A GRAND conclave on the future of Europe - four years in the making - has run into formidable stumbling blocks that may limit the drive for more unity.
Today in Turin, Italy, the 15 nations of the European Union launch what is expected to be a year of talks. Negotiators will try to figure out how a system designed for the six original members will cope with a potential membership of 27 or 30.
This is the EU's most important meeting since 1991, when it designed a treaty in Maastricht, the Netherlands, laying out a blueprint for monetary and political union.
But the Europewide controversy over the "mad cow" problem in Britain and a widening rift between France and Germany over the objectives of the conference threaten to derail the Turin talks.
Emotional headlines on the health hazards of British beef do little to inspire public confidence in open borders. And it has been a truism in Europe that no progress toward unity has been made without a clear Franco-German accord - an accord that has not been reached in the run-up to Turin.
'Poisoning the menu'
"The mad cow affair risks poisoning the menu of the heads of the 15 [nations] that hold their summit tomorrow in Turin," said yesterday's conservative French daily, Le Figaro. "At the hour of decision for the reform of European institutions, the process of decision in this affair can only be seen as a counterexample for a united Europe."
British officials challenged as high-handed and unjustified the EU's worldwide export ban on British beef that was imposed Wednesday, showing more than their usual suspicion of EU powers. "The mad cow issue couldn't have come at a worse time," said a spokesman for the European Commission, the EU's executive branch. "If we fail this time [at the Turin summit], we will have missed a historic opportunity to build Europe."
The Maastricht Treaty, which was ratified by all member states in 1993, set deadlines for key steps to attain these goals, including budgetary targets for monetary union and a timetable to revise the treaty to adjust to more members.
Today, those deadlines are proving tough to meet.
Europe is coping with stagnant growth and double-digit unemployment rates. Franco-German relations, once anchored by a close relationship between German Chancellor Helmut Kohl and the late French President Francois Mitterrand, are still adjusting to the mercurial style of new French President Jacques Chirac.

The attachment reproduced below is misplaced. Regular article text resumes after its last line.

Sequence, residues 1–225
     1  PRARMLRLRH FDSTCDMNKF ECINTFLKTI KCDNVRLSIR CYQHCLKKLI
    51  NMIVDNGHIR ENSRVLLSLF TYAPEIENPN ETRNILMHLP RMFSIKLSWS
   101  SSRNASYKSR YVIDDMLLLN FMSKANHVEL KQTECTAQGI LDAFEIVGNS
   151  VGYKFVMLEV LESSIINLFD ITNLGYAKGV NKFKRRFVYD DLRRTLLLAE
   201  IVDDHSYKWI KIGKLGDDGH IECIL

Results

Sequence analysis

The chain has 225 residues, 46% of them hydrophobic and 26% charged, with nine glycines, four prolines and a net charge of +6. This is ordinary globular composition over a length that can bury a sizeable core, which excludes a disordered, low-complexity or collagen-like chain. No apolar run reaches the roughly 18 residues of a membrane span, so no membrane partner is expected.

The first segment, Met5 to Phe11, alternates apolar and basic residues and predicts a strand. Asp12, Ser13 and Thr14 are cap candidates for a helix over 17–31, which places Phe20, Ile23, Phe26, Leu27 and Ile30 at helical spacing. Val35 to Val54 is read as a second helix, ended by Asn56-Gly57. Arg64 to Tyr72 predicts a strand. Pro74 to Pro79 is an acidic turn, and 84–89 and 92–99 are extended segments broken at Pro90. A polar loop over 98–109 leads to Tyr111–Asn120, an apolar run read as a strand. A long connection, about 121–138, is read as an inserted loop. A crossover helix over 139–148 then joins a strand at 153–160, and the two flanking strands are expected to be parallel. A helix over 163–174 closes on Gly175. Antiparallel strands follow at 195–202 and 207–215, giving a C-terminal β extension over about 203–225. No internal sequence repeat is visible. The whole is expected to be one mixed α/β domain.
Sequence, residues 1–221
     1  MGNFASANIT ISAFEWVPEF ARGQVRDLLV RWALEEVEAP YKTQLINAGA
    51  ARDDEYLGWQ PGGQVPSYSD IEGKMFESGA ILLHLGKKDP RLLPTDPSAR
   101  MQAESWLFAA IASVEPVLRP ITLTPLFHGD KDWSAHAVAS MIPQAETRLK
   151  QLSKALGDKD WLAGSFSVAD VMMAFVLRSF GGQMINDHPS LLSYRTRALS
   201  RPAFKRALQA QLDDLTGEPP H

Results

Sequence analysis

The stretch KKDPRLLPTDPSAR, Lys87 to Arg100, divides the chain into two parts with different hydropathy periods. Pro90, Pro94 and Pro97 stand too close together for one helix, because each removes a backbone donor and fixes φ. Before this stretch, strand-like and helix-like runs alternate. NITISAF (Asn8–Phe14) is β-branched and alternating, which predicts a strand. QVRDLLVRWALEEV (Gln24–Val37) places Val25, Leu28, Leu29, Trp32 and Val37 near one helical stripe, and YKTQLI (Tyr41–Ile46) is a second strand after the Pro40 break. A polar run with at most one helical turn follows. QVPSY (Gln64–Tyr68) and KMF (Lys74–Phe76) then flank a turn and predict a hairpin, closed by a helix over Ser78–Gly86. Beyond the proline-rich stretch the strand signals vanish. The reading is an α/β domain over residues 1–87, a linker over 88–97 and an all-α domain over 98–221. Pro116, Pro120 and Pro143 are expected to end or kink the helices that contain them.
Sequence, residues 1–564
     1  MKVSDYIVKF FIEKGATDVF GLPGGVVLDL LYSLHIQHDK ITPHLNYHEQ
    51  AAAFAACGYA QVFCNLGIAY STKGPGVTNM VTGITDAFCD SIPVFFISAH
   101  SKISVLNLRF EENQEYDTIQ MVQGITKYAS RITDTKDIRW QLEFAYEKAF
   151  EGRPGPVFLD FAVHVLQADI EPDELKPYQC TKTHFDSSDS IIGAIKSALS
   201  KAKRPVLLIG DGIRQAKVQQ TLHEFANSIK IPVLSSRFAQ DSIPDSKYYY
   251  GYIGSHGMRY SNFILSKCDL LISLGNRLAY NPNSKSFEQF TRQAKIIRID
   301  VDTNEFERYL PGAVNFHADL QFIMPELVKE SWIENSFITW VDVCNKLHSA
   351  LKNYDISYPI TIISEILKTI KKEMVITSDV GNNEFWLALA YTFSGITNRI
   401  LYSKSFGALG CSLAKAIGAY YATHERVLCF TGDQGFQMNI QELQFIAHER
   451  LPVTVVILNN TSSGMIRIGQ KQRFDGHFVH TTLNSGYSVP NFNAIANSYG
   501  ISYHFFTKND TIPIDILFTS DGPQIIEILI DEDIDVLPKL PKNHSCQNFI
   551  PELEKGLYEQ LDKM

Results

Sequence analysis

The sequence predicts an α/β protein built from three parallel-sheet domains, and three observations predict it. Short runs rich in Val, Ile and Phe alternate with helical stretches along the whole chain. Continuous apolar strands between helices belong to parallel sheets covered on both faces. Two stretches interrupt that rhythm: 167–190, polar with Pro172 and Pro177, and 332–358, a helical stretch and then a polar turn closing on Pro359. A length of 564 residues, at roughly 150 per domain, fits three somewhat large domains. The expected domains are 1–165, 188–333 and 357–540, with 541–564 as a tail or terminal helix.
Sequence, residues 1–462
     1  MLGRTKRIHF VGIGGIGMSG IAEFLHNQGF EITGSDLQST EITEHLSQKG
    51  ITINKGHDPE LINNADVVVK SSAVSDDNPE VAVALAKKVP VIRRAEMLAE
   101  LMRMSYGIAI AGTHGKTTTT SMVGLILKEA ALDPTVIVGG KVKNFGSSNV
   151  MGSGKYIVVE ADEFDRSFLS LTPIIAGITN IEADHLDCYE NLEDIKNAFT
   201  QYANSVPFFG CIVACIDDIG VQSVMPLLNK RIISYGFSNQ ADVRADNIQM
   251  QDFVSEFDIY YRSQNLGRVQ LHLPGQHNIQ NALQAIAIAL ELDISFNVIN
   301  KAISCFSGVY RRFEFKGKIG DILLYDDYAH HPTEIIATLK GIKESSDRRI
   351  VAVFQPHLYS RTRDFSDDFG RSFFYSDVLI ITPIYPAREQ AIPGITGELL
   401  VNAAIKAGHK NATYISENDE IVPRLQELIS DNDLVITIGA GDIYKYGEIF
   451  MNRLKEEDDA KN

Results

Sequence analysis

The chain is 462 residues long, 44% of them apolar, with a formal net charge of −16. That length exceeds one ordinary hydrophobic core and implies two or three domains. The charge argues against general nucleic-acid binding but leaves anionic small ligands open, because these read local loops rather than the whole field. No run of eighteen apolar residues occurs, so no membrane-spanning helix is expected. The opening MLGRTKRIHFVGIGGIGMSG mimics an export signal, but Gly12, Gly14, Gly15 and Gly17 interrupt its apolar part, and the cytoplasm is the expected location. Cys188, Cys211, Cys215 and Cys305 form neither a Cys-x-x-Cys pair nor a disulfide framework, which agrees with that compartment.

The Turin intergovernmental conference was supposed to be a technical affair, answering such questions as: Should the island state of Malta (population 370,000) have the same representation on the European Commission as Germany (population 81 million)? Should Slovakia or Lithuania have a veto over the future deployment of European forces?
But more explosive issues for Europe are looming. Four days before the start of the conference, Mr. Chirac called for a "European social model" to be considered in the negotiations, including significant spending on infrastructure and employment projects.
"We were frankly surprised by the [French] president's announcement," said a German diplomat. "We do not want to overload Turin with too many other questions."
And German Finance Minister Theo Waigel rejected the French proposal, insisting that job-creation programs should remain "decentralized."
Even disregarding the mad cow problem, European partners disagree how to make progress. Germany favors a strong federal Europe with a common foreign police. Britain opposes giving further power to Brussels, the EU's headquarters. France, meanwhile, supports the goal of a common foreign policy, but opposes strengthening the European Parliament.
The best that Brussels bureaucrats can hope for is to forge a consensus among 14 of the member states, and "wait for British elections next year in the hope for a change in the British position," says John Edwards of the Brussels-based Belmont European Policy Center. "The mad cows may move up that election."
Yet many European businesses still hope for progress at this summit. "We're still very pro-Europe," says Jack Reemers, a spokesman for Philips Electronics, the Dutch consumer electronics firm that helped draft the policy document that led to the Maastricht Treaty. "Currency fluctuations seriously influence our finances.... a single currency in Europe would make our life much easier."